Vatican City — A homeless man who faithfully attended Mass at a church inside Vatican City for decades was buried in a Vatican cemetery after it was discovered he had died and was left unidentified in a hospital morgue.
Willy Herteleer was well-known by the Swiss Guards keeping watch at St. Anne's Gate, by local business owners and a number of clergy who brought him food, took him to lunch or treated him to his morning cappuccino, according to news reports.
"He attended 7 o'clock Mass every day for more than 25 years," Fr. Bruno Silvestrini, the pastor of the Vatican's Church of St. Anne, told Vatican Radio.
Though Herteleer lived on the streets with all of his belongings packed in a folding grocery cart, "he was a rich person of great faith," the priest said.
"He was very, very open and had made many friends," Silvestrini said. "He spoke a lot with young people, he spoke to them of the Lord, he spoke about the pope, he would invite them to the celebration of the Eucharist," which Herteleer always said was "his medicine."
Visit EarthBeat, NCR's new reporting project that explores the ways Catholics and other faith groups are taking action on the climate crisis.
Msgr. Americo Ciani, a canon at St. Peter's Basilica was another friend of Herteleer, and he told Vatican Radio that the elderly man -- thought to be about 80 -- would lean against a lamppost along the road that led tourists and city residents to and from St. Peter's Square and talk to them about their faith.
"Very often he would engage with someone, asking, 'Do you go to confession every now and then? Look, going to confession is necessary because if you don't, you won't go to heaven!'" the monsignor recalled.
He was such a regular at St. Anne's that Silvestrini paid homage to Herteleer by including a figurine of a homeless man among the shepherds in the church's annual Nativity scene.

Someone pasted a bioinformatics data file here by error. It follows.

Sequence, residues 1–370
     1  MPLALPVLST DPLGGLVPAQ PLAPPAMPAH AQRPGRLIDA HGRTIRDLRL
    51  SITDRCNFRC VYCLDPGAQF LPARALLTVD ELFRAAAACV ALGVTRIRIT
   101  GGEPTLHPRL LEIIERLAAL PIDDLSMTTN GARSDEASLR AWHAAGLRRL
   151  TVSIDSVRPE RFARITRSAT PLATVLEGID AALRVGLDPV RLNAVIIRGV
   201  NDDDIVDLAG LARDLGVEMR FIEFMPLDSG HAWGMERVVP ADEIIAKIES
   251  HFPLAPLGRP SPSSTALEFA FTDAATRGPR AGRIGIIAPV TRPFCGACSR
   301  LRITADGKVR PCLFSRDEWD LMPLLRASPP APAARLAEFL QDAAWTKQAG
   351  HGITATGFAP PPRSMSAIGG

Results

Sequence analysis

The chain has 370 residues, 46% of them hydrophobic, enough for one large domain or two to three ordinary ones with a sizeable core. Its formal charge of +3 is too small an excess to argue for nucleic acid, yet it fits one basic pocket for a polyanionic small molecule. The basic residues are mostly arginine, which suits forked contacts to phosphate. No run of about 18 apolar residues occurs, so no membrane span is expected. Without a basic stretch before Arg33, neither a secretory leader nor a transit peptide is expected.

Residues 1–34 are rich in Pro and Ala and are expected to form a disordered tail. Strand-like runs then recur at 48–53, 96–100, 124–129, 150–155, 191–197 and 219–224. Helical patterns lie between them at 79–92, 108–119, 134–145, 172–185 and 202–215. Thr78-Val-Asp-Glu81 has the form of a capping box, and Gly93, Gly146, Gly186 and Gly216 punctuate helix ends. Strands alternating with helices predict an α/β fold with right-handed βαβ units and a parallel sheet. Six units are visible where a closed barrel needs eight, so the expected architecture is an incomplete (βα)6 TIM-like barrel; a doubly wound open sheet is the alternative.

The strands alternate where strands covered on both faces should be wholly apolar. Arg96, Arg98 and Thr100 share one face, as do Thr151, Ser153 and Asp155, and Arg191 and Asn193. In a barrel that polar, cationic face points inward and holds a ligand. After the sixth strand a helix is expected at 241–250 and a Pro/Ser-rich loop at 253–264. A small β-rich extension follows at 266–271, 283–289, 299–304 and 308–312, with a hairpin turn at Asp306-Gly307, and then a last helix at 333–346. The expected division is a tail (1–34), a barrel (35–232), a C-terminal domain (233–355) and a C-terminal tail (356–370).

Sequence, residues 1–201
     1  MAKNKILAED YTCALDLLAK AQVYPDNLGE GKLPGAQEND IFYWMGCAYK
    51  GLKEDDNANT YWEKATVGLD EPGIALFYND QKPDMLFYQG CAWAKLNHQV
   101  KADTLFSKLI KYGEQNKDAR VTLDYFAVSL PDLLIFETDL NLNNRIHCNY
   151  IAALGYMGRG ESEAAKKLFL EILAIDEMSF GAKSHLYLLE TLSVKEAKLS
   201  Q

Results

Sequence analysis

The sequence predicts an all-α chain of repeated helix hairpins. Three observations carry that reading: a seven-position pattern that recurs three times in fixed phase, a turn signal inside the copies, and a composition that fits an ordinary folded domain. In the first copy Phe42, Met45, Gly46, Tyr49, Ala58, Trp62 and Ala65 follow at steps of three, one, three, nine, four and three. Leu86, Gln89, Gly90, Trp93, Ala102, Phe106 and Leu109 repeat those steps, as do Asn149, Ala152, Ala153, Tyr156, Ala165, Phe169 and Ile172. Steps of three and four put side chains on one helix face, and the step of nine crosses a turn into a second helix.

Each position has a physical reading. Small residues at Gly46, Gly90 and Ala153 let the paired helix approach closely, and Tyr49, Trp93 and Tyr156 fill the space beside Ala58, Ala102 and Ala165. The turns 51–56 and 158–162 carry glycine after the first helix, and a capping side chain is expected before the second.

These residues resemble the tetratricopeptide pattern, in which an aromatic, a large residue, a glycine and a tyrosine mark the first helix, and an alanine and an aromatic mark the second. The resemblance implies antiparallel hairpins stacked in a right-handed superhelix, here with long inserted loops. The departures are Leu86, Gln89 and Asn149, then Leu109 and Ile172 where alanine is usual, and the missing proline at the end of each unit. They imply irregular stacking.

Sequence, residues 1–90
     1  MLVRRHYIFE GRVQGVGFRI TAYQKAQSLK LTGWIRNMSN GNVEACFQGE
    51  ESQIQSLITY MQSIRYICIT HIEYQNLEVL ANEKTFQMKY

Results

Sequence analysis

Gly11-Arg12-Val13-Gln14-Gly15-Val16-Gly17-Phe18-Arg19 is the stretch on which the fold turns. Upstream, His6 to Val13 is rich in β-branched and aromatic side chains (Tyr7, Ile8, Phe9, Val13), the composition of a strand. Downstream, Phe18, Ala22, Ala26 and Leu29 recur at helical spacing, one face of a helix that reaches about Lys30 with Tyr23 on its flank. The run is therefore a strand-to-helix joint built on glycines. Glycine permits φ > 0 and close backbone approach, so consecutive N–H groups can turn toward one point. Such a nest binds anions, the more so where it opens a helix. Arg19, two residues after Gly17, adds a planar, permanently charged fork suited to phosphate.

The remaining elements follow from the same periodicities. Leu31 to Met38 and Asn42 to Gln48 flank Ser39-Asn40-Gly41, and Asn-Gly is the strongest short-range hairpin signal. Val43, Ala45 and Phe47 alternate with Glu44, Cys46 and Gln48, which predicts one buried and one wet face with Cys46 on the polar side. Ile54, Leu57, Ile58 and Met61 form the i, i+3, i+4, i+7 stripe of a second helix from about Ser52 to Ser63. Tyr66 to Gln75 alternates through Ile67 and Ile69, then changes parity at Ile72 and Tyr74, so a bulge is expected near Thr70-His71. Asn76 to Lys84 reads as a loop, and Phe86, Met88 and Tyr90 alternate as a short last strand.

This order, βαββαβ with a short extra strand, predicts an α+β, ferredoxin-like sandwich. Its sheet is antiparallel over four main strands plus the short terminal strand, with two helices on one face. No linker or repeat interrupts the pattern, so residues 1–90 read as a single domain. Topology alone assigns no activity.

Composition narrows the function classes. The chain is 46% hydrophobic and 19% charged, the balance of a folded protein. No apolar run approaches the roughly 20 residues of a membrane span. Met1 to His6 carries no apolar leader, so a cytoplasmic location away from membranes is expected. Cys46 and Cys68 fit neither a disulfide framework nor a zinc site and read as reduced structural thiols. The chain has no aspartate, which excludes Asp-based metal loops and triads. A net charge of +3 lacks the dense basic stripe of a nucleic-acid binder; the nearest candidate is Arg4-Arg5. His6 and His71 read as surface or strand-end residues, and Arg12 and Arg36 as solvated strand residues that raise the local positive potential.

Those who looked after Herteleer became worried when he seemed to have vanished in mid-December, reported the Italian daily, Il Messaggero, Feb. 25.
It turned out Herteleer had collapsed one cold December night and was brought to a nearby hospital after passersby saw he needed help and called an ambulance. He died at the hospital Dec. 12, but his body had remained unidentified and unclaimed at the hospital morgue until friends tracked him down, the newspaper reported.
Ciani led the funeral Mass together with the canons of St. Peter's Basilica in the chapel of the Vatican's Teutonic cemetery Jan. 9.
Permission was granted to have Herteleer, who was Flemish and Catholic, buried in the small Germanic cemetery where Swiss, German and Flemish nobility and church benefactors had been laid to rest. The cemetery was founded 1,200 years ago for German pilgrims who died in Rome.
In his homily, Ciani said he thanked God for letting them get to know Herteleer, "a man who appeared to be alone, but who never felt alone because God's grace was present in him."
The casket was adorned with floral wreaths and two portraits of Herteleer -- one a watercolor, the other a pastel -- that the Italian monsignor had made of him.
Ciani said giving Herteleer his final resting place in the Vatican cemetery was "in perfect harmony with Pope Francis' incisive messages in which he always talks about the excluded, those who do not count in our society ... but instead are held dear by, not just the pope, but by the Lord Jesus, who always loved and preferred the poorest."
Msgr. Giuseppe Antonio Scotti, adjunct secretary of the Pontifical Council for Social Communications, told reporters Feb. 26 that the huge amount of media attention surrounding the man's burial at the Vatican was further proof of the "throwaway culture" and the inverted values Pope Francis often speaks about.
"The death of an elderly man on the streets made the news, not because he died, but only because he was buried in the Vatican," he said. "The burial was more important than the death of the man."